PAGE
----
The film gains a real hold, however, when it becomes apparent that a rift is growing between the two men. Niklas becomes increasingly uncomfortable with Horst’s determinedly rose-tinted view of his father, who was known by some as “the butcher of Poland”. Niklas condemns his own father for his crimes and for his lack of paternal affection, while Horst firmly believes that von Wächter was good inside and had little idea over the atrocities being committed under his command. He pities Niklas, saying that he is an egomaniac whose “life is practically annihilated by his father”. The fascinating difference between two men with such similar backgrounds becomes the documentary’s most interesting element, with Sands’s increasingly difficult relationship with von Wächter adding an unusual tension not seen in the average history documentary.

[My Nazi Legacy is released in select cinemas on 20th November 2015.]

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Language seminars begin this week

Just a brief reminder that there will be no lecture this week (week beginning Monday 19th October).

This week, however, we begin Yiddish language seminars which will be held as follows:

  • Tuesday 20th October, 11am-12pm, group 1 (LR2)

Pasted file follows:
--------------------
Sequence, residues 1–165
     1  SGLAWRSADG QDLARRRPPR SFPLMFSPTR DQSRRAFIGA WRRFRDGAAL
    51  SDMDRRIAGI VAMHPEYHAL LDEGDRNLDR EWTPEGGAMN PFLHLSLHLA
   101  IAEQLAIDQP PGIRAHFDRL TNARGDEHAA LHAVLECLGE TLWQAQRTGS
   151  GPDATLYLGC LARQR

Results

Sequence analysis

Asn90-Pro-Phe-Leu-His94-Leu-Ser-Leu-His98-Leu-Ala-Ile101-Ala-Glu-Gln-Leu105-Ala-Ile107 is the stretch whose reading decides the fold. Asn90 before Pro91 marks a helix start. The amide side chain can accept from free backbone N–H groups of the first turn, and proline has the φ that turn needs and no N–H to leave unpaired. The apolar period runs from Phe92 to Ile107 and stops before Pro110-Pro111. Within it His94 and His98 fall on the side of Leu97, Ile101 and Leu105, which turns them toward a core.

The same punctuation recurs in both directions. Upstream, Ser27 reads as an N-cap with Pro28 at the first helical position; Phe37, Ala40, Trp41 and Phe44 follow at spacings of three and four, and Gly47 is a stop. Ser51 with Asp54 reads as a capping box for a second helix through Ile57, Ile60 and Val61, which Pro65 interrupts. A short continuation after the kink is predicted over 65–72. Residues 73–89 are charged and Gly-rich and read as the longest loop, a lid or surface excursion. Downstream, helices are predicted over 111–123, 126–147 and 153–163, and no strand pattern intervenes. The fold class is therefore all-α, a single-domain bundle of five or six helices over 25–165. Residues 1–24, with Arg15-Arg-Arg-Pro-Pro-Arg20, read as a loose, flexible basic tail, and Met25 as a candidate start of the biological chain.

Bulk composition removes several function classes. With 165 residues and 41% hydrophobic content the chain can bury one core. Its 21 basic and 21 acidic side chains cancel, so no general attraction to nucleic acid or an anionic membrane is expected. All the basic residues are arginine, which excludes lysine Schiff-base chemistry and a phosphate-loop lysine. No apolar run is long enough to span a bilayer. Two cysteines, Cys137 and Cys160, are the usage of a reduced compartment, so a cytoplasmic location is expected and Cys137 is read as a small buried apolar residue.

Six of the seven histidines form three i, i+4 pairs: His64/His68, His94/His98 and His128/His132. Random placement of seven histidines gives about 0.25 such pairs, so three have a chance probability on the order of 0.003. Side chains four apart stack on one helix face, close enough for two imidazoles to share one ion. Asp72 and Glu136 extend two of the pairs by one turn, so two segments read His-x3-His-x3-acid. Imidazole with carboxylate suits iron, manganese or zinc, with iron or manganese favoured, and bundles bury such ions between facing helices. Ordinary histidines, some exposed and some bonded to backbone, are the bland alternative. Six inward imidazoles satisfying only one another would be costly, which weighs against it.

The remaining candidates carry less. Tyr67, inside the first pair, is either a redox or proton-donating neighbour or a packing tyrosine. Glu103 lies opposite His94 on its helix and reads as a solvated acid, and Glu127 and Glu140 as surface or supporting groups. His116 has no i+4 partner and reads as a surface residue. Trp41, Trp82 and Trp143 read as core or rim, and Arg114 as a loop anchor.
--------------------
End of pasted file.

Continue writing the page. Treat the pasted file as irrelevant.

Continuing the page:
• Thursday October 22nd, 12pm-1pm, group 2 (LR1)
  • Friday 23rd October, 1pm-2pm, group 3 (LR1)

Please check your timetable and the group lists on blackboard to make sure you attend the right seminar slot.


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Lecture 2, semester 1

In this lecture, we read together the introduction to Bauman’s landmark work, Modernity and the Holocaust. Bauman’s work raises some of the key topics we will be looking at in this module: is the Holocaust an outgrowth of European civilization (what Bauman terms ‘modernity’) or is it a dreadful aberration? To what extent is it possible to trace and account for the origins of antisemitism in European culture? And how does that antisemitism relate to the Holocaust? What are the limits of what we can know about the Holocaust? How should we respond to it as scholars? Bauman does not give us easy answers to these questions, but examines them in detail and gives us some interesting ways of approaching them. In particular, we looked at what Bauman’s ideas might have to say to us about music history.

Here are the sources I mentioned during the lecture, following Welch’s five ‘tendencies’ in Holocaust Studies (download Welch’s article here)

1. Intentionalism

Yehuda Bauer, A History of the Holocaust (New York: F. Watts, 1982);

Gerald Fleming, Hitler and the Final Solution (Berkeley: University of California Press, 1984);

Deborah E. Lipstadt, Denying the Holocaust: the growing assault on truth and memory (New York and Toronto: Free Press, 1993)

Lucy S. Dawidowicz, The War Against the Jews, 1933-1945, 10th anniversary ed. (New York: Seth Press; Distributed by Free Press, 1986);